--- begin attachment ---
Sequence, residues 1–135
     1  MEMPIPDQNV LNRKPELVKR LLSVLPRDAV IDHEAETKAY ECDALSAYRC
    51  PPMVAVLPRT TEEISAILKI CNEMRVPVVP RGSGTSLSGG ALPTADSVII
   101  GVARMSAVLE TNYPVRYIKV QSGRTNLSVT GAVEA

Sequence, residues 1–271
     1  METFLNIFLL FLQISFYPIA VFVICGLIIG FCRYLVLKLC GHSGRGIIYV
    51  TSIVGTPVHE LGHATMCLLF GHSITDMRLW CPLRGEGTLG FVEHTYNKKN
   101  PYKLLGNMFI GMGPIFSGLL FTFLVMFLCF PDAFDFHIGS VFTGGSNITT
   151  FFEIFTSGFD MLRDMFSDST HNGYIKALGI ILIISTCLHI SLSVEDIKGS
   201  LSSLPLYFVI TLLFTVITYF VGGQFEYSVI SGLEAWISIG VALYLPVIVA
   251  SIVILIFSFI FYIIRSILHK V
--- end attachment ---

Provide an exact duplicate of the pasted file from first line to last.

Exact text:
Sequence, residues 1–135
     1  MEMPIPDQNV LNRKPELVKR LLSVLPRDAV IDHEAETKAY ECDALSAYRC
    51  PPMVAVLPRT TEEISAILKI CNEMRVPVVP RGSGTSLSGG ALPTADSVII
   101  GVARMSAVLE TNYPVRYIKV QSGRTNLSVT GAVEA

Sequence, residues 1–271
     1  METFLNIFLL FLQISFYPIA VFVICGLIIG FCRYLVLKLC GHSGRGIIYV
    51  TSIVGTPVHE LGHATMCLLF GHSITDMRLW CPLRGEGTLG FVEHTYNKKN
   101  PYKLLGNMFI GMGPIFSGLL FTFLVMFLCF PDAFDFHIGS VFTGGSNITT
   151  FFEIFTSGFD MLRDMFSDST HNGYIKALGI ILIISTCLHI SLSVEDIKGS
   201  LSSLPLYFVI TLLFTVITYF VGGQFEYSVI SGLEAWISIG VALYLPVIVA
   251  SIVILIFSFI FYIIRSILHK V